The United Nations was established in 1945 to maintain world peace. Today, its role is widely acknowledged to be limited, and its focus has shifted increasingly to solving the problems of developing nations.
The changes have come about because the U.N. General Assembly, once dominated by western, industrialized nations now is dominated by the developing nations. Each member state has one vote in the General Assembly, and most of the 100 members added to the original 51 are developing countries.
These developing nations have emphasized their own needs and concerns. The major powers, in turn, have come to rely more and more on direct dealing with each other when addressing problems that involve their own security.
In recent years, the United Nations has been criticized for the salaries and other perquisites it provides its staff. The organization is supposed to pay wages comparable to those of civil servants in the best-paying country, the United States.
Yet, while US. cabinet members such as Secretary of State Cyrus Vance earn $66,000 a year, 117 U.N. system officials are paid between $64,000 and $99,350 annually.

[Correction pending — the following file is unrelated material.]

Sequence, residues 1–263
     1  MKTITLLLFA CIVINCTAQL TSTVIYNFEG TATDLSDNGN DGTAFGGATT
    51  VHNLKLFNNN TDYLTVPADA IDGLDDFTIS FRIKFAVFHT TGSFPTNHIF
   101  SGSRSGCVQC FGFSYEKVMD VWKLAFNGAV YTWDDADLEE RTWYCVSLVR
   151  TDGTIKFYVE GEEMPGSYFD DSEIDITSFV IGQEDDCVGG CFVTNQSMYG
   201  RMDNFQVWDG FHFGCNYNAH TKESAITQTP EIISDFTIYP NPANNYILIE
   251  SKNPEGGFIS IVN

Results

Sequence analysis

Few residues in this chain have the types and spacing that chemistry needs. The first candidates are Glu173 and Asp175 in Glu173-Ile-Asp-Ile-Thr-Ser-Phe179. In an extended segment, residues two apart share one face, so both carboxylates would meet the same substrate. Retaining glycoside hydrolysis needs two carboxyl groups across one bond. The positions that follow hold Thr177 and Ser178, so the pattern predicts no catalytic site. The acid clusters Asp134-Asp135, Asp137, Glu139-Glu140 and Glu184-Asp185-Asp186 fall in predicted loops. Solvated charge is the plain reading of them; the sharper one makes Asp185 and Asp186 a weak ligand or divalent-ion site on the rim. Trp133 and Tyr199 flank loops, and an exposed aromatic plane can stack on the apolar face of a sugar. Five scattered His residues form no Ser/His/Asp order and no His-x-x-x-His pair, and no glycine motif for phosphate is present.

For all its problems, the United Nations still is generally regarded as a useful tool.
"The mere fact that you can discuss problems with other countries means you can let off steam, even if the U.N. can't do anything on its own," said Riaz Khan, first secretary of Pakistan's U.N. Mission.
"People attack the U.N. because it's not doing this or that, but is there anybody who can do it better?" asked Roger Fisher, a Harvard Law School professor who teaches international law.
Citing successful efforts by U.N. organizations to coordinate radio frequencies, aviation rules, and telephone and postal services, Fisher said the organization "is machinery for dealing with our problems. If it doesn't work better, it's the fault of the countries and the people."